Thursday, 13 December 2012

Using Virtual Ethernet Adapters in Promiscuous Mode on a Linux Host


VMware Workstation does not allow the virtual Ethernet adapter to go into promiscuous mode unless the user running VMware Workstation has permission to make that setting. This follows the standard Linux practice that only root can put a network interface into promiscuous mode.

When you install and configure VMware Workstation, you must run the installation as root. VMware Workstation creates the VMnet devices with root ownership and root group ownership, which means that only root has read and write permissions to the devices.

To set the virtual machine's Ethernet adapter to promiscuous mode, you must launch VMware Workstation as root because you must have read and write access to the VMnet device. For example, if you are using bridged networking, you must have access to /dev/vmnet0.

To grant selected other users read and write access to the VMnet device, you can create a new group, add the appropriate users to the group and grant that group read and write access to the appropriate device. You must make these changes on the host operating system as root (su -). For example, you can enter the following commands:

chgrp <newgroup> /dev/vmnet0

chmod g+rw /dev/vmnet0

<newgroup> is the group that should have the ability to set vmnet0 to promiscuous mode.
The command to run vmware workstations ads root is simple: user@user#:~$ sudo vmware start

If you want all users to be able to set the virtual Ethernet adapter (/dev/vmnet0 in our example) to promiscuous mode, run the following command on the host operating system as root:

chmod a+rw /dev/vmnet0


This is another posting showing "how to do computing" for everyday computer usages... For a general public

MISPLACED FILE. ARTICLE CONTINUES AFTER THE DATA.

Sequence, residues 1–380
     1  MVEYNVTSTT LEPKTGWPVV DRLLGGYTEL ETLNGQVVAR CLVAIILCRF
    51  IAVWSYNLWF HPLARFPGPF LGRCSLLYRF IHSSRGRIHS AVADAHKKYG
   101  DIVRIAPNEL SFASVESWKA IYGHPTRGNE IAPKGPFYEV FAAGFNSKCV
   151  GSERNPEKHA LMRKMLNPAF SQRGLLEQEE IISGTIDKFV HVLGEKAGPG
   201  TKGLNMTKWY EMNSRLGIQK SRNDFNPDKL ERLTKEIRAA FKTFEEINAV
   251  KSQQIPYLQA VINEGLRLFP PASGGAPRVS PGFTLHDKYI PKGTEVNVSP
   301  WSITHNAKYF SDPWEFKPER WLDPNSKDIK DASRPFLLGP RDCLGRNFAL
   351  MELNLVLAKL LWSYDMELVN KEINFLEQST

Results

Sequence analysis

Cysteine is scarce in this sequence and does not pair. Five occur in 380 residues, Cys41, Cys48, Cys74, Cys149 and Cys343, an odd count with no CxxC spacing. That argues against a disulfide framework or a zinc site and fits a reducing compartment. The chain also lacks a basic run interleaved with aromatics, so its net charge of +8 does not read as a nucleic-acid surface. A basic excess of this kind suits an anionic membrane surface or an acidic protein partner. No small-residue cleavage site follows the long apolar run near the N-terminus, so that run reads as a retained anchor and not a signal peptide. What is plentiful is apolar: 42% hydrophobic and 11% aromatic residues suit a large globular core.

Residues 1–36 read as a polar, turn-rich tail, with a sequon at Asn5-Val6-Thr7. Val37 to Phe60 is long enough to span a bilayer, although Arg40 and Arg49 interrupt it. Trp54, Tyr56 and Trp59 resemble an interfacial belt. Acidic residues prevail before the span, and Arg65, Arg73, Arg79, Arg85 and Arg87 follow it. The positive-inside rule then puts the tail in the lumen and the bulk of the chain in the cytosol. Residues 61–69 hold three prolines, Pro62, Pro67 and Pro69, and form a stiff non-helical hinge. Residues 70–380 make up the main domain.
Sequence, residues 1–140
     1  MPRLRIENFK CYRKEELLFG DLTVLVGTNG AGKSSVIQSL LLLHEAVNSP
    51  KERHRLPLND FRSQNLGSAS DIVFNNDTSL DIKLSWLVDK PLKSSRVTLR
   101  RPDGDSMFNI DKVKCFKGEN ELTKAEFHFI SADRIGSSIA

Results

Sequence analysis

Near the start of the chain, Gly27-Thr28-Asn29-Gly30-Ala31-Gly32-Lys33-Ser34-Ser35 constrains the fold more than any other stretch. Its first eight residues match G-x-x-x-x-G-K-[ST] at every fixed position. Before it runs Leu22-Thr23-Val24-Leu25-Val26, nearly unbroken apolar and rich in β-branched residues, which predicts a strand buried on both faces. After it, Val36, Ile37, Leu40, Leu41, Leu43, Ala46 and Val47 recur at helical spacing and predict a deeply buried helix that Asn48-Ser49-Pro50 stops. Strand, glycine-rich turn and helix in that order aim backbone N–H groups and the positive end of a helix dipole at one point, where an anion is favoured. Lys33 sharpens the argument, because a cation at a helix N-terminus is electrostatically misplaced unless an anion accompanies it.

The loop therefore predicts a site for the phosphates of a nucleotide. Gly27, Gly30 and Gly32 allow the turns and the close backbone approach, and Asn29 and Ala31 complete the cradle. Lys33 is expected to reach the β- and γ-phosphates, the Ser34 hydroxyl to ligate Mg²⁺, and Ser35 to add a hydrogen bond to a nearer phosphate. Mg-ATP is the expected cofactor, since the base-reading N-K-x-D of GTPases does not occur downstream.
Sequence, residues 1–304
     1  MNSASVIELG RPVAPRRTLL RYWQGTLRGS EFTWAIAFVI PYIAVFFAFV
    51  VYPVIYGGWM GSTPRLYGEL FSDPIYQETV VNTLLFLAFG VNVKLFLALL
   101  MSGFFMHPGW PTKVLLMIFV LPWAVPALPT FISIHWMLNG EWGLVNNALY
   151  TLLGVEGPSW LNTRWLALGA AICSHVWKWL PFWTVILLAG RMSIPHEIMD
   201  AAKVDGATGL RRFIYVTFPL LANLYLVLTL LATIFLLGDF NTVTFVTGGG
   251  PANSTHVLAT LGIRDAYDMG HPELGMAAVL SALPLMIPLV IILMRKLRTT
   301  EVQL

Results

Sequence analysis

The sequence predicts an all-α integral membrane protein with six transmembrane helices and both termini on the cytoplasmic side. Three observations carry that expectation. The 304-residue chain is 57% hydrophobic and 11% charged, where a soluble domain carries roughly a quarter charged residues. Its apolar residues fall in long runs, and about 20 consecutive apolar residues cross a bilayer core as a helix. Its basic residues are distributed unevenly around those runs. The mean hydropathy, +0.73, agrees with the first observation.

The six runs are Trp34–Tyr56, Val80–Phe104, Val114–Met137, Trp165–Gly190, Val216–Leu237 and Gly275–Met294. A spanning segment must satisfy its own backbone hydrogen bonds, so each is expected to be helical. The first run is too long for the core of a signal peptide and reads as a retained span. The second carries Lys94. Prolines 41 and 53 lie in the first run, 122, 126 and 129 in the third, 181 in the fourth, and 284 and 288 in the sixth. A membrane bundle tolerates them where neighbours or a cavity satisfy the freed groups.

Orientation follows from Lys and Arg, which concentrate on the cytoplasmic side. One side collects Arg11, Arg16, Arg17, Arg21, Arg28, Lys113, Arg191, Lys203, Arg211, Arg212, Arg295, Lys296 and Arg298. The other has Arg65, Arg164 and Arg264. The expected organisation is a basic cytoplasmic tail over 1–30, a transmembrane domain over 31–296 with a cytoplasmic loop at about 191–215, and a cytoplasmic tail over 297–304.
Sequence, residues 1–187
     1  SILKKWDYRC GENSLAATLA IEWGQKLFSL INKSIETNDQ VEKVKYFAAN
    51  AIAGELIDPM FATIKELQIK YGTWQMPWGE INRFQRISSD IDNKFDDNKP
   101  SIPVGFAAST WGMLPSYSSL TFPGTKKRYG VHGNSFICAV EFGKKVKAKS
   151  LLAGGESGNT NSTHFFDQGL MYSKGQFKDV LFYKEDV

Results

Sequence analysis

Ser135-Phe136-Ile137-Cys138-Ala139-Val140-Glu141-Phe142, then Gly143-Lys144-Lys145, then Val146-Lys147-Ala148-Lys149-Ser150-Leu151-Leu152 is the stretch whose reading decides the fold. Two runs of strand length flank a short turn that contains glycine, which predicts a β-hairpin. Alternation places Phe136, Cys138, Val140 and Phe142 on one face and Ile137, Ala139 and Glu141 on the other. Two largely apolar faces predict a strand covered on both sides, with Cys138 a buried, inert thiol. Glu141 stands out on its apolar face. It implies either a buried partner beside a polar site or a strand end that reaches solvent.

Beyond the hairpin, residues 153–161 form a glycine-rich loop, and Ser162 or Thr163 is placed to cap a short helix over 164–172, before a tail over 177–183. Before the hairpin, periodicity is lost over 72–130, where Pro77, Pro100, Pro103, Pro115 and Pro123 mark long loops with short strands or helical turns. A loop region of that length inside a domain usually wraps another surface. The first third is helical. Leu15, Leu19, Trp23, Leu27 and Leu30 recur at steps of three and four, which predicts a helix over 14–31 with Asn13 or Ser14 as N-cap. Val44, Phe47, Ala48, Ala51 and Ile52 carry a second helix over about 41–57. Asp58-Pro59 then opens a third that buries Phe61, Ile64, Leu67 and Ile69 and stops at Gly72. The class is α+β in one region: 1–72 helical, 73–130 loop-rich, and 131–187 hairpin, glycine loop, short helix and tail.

VMware on Linux : Running in Permiscuous Mode


 VMware on Linux: Promiscuous Mode

When VMware Workstation is hosted under Linux, by default it doesn't allow VM Guests to access the network in Promiscuous mode.  There's an easy fix for this...

If you run something like Wireshark from a VM Guest, you'll see VMware display an error message.

The problem lies with the permissions on the Host.  When VMware is started without root privileges, it doesn't have the permissions necessary to access the /dev/vmnet0 device.

A quick temporary bodge is to use chgrp and chmod on the Host, to tweak the permissions on /dev/vmnet* until the next reboot (where yourgroup is a group that your user account is in - typically admin on my Ubuntu machines):
   chgrp yourgroup /dev/vmnet*
   chmod g+rw /dev/vmnet*

A more permanent fix is to edit /etc/init.d/vmware on the Host, and tweak the ownership and permissions when the device is created, by adding the lines in red:
  # Start the virtual ethernet kernel service
   vmwareStartVmnet() {
      vmwareLoadModule $vnet
      "$BINDIR"/vmware-networks --start >> $VNETLIB_LOG 2>&1
      chgrp yourgroup  /dev/vmnet*
      chmod g+rw /dev/vmnet*

After you restart the Host's VMware daemon ...

   /etc/init.d/vmware stop
   /etc/init.d/vmware start

you'll be able to boot your Guest VM, and use Wireshark or whatever in the Guest.  Just Remember!   Your VM Guest's Network Adapter must be set to BRIDGED (connected directly to the physical network), not NAT (used to share the host's IP address).

Aside: I did think it ought be possible to achieve the same effect a little more cleanly, by creating a file in /etc/udev/rules.d to set the desired ownership and permission modes for /dev/vmnet*.  But nothing I've tried has worked.  Anyone?